The Irish Data Protection Commission (DPC) has set out plans to fine Facebook between €28 million and €36 million (U.S. $32 million and $42 million) for violations of the EU’s General Data Protection Regulation (GDPR).

The draft decision was shared Wednesday by privacy campaigner Max Schrems, who has filed multiple complaints against Facebook over its alleged abuses of data collection and data sharing. Schrems has been a harsh critic of the Irish DPC’s suitability as a regulator capable of holding the Big Tech firms it governs to account.

The proposed penalty is the first from 10 investigations the Irish DPC has launched into Facebook (excluding three others into Instagram and one into WhatsApp, which are also owned by the company).

A fine in the proposed range would amount to roughly 0.05 percent of Facebook’s 2020 global revenue of $84.2 billion, far below the possible 4 percent of turnover permitted under the GDPR. In its draft ruling, the Irish DPC said Facebook’s revenues were factored into the figure.

“For a company the size of Facebook, a €36 million fine—although not trivial—is unlikely to have a sufficient deterrent effect,” says Will Richmond-Coggan, a data protection and disputes specialist at law firm Freeths. “It is more likely simply to be seen as a cost of doing business.”

“Facebook will recover the amount of the fine within a couple of hours of trading, so it really has no dissuasive effect at all,” says Alan Calder, CEO of technology compliance specialists GRC International Group. “Most of the large U.S. technology organizations have chosen Ireland because they believe the Irish DPC is very soft-hearted—and it is.”

At the heart of the complaint is that Facebook has relied on “forced consent” to ensure it is GDPR compliant. When users sign up to its terms and conditions (T&Cs), they automatically consent to everything else. As such, personal data can be used to target ads at users if they choose to stay with the service.

However, the Irish DPC found there was “no obligation on Facebook to seek to rely solely on consent for the purposes of legitimizing personal data processing where it is offering a contract to a user which some users might assess as one that primarily concerns the processing of personal data.” Nor did it find Facebook had purported to rely on consent under the GDPR.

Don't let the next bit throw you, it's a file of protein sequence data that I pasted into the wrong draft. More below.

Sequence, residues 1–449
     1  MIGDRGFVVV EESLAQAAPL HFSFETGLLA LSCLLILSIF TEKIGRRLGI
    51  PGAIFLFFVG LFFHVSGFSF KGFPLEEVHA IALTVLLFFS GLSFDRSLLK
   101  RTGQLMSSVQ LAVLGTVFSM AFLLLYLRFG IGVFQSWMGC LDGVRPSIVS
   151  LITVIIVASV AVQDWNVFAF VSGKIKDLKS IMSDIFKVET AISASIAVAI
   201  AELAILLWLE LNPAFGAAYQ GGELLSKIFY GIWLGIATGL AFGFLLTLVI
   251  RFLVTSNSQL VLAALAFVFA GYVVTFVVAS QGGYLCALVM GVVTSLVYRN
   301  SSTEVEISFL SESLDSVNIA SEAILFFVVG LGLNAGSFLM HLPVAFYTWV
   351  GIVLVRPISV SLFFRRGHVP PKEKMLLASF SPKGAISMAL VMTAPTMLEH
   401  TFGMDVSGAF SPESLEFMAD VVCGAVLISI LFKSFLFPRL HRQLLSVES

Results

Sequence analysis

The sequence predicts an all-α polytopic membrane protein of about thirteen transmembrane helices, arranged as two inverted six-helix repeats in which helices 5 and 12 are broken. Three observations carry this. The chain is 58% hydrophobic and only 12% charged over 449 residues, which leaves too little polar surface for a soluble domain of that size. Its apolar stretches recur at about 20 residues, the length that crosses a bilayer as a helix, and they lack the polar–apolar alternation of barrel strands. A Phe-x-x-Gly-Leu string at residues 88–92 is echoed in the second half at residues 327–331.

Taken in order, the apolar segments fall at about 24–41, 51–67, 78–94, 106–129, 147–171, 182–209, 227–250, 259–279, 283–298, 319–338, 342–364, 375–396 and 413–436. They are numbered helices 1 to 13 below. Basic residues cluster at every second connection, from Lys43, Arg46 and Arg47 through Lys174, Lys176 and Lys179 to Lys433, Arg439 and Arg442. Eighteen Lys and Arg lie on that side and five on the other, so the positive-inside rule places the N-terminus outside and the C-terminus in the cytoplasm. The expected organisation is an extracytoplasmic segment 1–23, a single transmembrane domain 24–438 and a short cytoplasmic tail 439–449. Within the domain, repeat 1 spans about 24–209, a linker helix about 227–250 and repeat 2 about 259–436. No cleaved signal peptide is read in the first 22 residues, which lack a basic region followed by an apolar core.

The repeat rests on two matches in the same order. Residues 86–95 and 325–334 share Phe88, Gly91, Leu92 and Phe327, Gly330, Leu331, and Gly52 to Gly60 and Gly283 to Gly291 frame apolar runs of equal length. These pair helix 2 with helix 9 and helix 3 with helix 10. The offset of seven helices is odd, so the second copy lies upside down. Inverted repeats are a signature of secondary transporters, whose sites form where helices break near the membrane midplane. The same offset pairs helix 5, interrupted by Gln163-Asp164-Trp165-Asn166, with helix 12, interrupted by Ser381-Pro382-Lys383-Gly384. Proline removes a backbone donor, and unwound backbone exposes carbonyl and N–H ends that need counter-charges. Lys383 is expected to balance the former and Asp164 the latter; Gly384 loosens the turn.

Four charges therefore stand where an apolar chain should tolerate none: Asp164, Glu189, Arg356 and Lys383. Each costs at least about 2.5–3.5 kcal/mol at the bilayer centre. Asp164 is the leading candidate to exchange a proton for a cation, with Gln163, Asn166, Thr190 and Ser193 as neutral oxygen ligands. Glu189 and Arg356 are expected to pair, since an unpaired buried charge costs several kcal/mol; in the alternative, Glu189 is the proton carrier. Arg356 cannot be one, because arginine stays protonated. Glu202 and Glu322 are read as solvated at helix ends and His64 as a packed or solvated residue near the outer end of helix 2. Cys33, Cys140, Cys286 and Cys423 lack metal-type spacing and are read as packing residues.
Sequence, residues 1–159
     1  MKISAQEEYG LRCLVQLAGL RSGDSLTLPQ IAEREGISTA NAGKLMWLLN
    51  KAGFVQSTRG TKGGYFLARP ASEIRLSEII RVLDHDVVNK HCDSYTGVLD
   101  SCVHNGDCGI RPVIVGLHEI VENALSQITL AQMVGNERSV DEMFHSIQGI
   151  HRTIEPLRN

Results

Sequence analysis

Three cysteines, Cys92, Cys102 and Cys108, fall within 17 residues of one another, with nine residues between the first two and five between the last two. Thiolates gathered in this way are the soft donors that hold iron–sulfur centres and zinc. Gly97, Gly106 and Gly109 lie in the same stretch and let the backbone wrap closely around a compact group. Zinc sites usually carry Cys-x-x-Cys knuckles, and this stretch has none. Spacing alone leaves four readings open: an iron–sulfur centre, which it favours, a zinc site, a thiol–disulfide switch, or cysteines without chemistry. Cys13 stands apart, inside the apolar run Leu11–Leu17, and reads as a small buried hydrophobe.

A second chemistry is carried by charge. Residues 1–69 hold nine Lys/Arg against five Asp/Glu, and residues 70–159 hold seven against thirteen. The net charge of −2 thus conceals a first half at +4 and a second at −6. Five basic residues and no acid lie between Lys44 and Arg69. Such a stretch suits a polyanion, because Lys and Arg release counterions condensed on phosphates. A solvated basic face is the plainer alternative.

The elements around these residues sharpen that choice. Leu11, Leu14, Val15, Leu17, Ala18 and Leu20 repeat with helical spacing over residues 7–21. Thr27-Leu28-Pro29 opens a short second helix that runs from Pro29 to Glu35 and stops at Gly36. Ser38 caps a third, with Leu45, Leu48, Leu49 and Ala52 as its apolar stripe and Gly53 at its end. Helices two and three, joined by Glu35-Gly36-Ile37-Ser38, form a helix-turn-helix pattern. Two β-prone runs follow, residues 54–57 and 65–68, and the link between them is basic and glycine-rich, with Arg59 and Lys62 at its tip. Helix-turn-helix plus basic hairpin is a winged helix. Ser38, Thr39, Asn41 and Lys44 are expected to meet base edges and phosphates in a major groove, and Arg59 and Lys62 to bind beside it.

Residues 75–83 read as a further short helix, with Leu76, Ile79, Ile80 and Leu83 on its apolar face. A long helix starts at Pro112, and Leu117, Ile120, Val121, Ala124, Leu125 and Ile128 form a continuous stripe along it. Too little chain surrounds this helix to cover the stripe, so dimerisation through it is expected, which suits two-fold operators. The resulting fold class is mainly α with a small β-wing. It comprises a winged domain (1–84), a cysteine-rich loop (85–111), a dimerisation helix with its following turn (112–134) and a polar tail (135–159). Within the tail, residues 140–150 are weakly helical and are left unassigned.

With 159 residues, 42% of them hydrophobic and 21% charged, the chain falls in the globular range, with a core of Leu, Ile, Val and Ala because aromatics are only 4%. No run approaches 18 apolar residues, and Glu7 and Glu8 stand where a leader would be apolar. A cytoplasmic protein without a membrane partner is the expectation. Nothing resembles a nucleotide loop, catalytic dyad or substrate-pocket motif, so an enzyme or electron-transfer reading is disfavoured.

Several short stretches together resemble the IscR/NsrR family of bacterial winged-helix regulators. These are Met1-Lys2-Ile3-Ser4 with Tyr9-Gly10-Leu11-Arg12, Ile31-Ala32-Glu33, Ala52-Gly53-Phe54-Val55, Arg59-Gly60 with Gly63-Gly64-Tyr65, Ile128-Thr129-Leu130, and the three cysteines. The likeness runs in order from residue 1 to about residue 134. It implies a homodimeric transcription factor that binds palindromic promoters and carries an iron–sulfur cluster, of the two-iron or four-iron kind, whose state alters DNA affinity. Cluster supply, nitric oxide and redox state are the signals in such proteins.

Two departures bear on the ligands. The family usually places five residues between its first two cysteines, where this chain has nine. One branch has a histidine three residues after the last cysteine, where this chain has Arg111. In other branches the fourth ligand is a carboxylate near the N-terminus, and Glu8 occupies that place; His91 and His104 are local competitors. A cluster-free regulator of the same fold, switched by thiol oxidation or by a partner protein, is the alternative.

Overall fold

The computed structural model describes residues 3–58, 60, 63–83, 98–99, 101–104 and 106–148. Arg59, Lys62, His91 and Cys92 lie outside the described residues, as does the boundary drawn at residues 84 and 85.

Controversially, the Irish DPC ruled the GDPR under Article 6(1)(b) regarding lawfulness of processing does not prevent Facebook from claiming a legal right to process people’s information for ad targeting because users have signed a contract technically enabling the firm to do so.

“For a company the size of Facebook, a €36 million fine—although not trivial—is unlikely to have a sufficient deterrent effect. It is more likely simply to be seen as a cost of doing business.”

Will Richmond-Coggan, Data Protection and Disputes Specialist, Freeths

The Irish DPC also sided with Facebook that there is “no evidence” of any intentional breach of the rules while accepting its approach to transparency and the GDPR “represents a genuinely held belief on Facebook’s part” the company’s policies were in compliance. The regulator noted Facebook made no effort to mitigate damage to data subjects, given its position was that no damage took place.

The Irish DPC did find Facebook infringed GDPR transparency requirements under Articles 5(1)(a), 12(1), and 13(1)(c) by failing to provide users with the necessary information regarding its legal basis for processing once they had accepted Facebook’s terms of service, meaning users were unlikely to have understood they were signing up for an ad contract when they clicked “I agree” on the platform’s T&Cs.

Alongside the proposed fine, the Irish DPC said Facebook should update its T&Cs within three months of a final decision.

The draft decision has been shared with the rest of the EU’s national data protection authorities (DPAs), who can raise objections.

History suggests several DPAs will bitterly disagree with what they will likely regard an unduly lenient penalty, forcing Ireland to pass the case back to the European Data Protection Board, the EU’s GDPR supervisor, to work out a verdict that will pacify the necessary two-thirds majority. Similar deliberations took place ahead of the Irish DPC’s WhatsApp fine in September and Twitter decision last year.

In a statement on his website, Schrems said: “Our hope lies with the other European authorities. If they do not take action, companies can simply move consent into terms and thereby bypass the GDPR for good.”

In an emailed statement, Facebook said: “We don’t speculate or comment on live investigations. We are assisting the Irish DPC with its inquiries and will await the final decision in due course.”

The Irish DPC was approached for comment but did not respond.